The glass ceiling has a few cracks, but it still hasn’t shattered.
For Dee Poku Spalding, devising a collective effort — and venue — to share experiences, best practices and networking opportunities with emerging and existing female entrepreneurs has been realized in her venture, the Other Festival. The two-day conference has drawn speakers ranging from Katia Beauchamp of Birchbox, Mara Hoffman, blogger Garance Doré and poet Cleo Wade among many others.
Here, Spalding discusses what necessitated the development of the summit, how the role of female executives and entrepreneurs is shifting, and empowering the next wave of young talent.
WWD: How did the Other Festival come about? What in the market and/or larger climate necessitated a festival of this sort?
Dee Poku Spalding: The idea for the Other Festival came to me a few years ago after I attended several large-scale music festivals and noticed a disproportionately high number of young women in the audience compared to female performers on stage. It made me realize that, despite the fact women drive 80 percent of consumer purchases, our economic influence is not reflected in social positioning.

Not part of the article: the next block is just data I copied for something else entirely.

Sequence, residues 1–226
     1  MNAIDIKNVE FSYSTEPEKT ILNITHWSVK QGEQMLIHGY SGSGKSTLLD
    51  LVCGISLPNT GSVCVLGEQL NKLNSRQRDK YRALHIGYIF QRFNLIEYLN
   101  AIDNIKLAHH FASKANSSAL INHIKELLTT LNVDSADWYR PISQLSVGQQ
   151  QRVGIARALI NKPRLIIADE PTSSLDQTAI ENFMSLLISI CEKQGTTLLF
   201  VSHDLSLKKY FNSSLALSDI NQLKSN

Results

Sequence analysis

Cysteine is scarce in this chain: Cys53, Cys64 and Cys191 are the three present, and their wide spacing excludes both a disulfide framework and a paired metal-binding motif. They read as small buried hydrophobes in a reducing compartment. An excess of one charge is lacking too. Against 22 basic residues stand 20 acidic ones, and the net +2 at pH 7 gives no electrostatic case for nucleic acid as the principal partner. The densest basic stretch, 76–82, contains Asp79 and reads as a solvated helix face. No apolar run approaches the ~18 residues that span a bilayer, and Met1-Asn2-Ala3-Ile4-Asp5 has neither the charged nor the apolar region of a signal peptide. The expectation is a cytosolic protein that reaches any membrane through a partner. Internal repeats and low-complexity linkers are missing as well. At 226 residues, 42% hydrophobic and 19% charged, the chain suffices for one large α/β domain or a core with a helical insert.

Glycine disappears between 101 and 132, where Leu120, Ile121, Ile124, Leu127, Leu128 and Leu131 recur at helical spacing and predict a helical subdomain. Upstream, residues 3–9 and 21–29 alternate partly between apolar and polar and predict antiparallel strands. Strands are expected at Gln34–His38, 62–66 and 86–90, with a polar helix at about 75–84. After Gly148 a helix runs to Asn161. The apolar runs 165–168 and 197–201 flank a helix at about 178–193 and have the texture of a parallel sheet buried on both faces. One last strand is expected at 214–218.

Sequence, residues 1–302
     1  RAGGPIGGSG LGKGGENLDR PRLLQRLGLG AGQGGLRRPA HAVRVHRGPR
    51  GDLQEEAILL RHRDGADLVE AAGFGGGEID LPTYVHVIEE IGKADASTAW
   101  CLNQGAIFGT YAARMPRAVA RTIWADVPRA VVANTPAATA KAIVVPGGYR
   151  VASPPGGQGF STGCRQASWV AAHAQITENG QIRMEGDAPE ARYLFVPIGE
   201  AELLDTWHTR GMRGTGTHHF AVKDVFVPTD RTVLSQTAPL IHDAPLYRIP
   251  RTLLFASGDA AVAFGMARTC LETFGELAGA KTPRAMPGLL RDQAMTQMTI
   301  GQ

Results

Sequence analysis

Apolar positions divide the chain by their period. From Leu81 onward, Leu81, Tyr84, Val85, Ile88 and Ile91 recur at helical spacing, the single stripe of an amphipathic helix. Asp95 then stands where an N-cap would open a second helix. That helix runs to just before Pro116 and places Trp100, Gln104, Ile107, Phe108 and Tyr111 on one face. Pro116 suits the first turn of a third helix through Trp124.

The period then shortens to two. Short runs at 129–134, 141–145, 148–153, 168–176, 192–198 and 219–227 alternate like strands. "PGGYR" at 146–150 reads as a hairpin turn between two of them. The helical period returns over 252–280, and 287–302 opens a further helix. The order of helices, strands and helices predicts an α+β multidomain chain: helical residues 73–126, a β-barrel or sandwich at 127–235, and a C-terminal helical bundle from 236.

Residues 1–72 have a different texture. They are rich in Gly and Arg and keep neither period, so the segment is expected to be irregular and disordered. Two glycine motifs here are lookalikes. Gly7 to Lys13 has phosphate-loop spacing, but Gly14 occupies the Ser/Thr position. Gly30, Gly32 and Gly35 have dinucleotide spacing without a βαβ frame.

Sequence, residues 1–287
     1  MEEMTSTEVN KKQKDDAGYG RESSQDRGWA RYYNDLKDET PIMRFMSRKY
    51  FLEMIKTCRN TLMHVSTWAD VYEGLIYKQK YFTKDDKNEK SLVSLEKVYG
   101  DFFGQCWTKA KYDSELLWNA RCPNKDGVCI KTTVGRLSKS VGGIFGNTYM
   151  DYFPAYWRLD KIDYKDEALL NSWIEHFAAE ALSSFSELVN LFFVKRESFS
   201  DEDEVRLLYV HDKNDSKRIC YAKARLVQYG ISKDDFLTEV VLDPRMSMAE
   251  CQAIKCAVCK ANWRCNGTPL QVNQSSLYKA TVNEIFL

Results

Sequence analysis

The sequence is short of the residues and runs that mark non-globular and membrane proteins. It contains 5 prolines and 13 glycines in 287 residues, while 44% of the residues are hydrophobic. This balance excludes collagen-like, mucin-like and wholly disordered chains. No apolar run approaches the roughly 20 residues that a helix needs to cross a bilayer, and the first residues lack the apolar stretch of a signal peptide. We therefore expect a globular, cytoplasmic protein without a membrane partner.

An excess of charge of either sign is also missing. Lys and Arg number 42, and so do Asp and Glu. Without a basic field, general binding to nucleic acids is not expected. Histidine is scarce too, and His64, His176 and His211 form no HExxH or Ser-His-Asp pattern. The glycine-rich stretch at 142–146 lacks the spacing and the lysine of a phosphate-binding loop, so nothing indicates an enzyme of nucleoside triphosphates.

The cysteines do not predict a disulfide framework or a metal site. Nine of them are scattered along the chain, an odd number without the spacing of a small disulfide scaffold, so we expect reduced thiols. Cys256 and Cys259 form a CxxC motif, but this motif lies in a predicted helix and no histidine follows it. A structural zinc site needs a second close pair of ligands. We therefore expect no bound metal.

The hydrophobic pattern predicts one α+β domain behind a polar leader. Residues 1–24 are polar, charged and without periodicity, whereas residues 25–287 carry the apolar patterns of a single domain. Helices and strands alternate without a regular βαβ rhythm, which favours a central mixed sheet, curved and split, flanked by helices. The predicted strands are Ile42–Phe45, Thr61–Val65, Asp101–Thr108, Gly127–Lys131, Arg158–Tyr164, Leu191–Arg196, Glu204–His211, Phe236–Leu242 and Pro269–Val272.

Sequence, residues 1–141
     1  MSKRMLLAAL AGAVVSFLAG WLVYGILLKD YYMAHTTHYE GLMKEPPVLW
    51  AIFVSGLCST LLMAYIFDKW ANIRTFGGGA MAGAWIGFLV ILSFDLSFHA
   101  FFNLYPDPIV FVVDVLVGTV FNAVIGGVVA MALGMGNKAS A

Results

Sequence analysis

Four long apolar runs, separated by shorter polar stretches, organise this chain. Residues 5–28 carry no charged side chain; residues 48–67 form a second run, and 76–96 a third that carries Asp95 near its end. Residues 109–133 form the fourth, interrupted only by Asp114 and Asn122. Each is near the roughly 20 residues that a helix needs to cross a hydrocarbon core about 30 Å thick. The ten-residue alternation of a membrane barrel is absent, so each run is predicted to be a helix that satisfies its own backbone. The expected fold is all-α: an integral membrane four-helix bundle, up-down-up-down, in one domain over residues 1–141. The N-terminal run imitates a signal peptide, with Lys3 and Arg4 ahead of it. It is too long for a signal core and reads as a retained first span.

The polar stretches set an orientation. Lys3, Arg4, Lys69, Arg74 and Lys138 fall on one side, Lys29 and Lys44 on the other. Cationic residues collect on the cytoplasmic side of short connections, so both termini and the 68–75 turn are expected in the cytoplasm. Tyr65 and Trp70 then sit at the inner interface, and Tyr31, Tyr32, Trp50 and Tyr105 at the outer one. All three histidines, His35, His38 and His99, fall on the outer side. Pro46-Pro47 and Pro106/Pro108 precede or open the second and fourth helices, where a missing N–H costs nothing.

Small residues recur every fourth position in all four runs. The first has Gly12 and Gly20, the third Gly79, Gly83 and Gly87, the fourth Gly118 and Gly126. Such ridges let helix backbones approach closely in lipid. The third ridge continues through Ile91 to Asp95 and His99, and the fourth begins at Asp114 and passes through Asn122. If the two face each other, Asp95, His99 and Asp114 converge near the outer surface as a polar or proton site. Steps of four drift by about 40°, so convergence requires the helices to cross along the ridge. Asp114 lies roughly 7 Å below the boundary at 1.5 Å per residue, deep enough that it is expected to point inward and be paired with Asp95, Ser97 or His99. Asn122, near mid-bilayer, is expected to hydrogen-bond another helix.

Women are launching businesses at a rapid rate yet have fewer employees and generate significantly less revenue than our male counterparts. To feed this ever-expanding appetite for entrepreneurship, I decided to create a platform that actively encourages and promotes female business and cultural leaders through networking opportunities, events and practical training seminars which allow both audience members and participants to learn from and support other career-driven females.
WWD: Who are key panel speakers joining this coming conference?
D.P.S.: All of our speakers this year are brilliant thought-provokers who are generating ideas pushing boundaries in their respective fields. Katia Beauchamp, founder of Birchbox, is speaking about inventing new rules in established industries; Jennifer Hyman, founder of Rent the Runway, will discuss the value of tech-enabled businesses; Amanda Chantal Bacon, founder of Moon Juice, will look at selling new concepts; designer Mara Hoffman will explain how to transform into a sustainable business; Misha Nonoo is looking into how marketing innovations can help small businesses compete on a budget; Jayne Harkness of Barneys will demonstrate how a retail business can best allocate capital, and Sarah Sophie Flicker from the Women’s March will talk about creating a movement.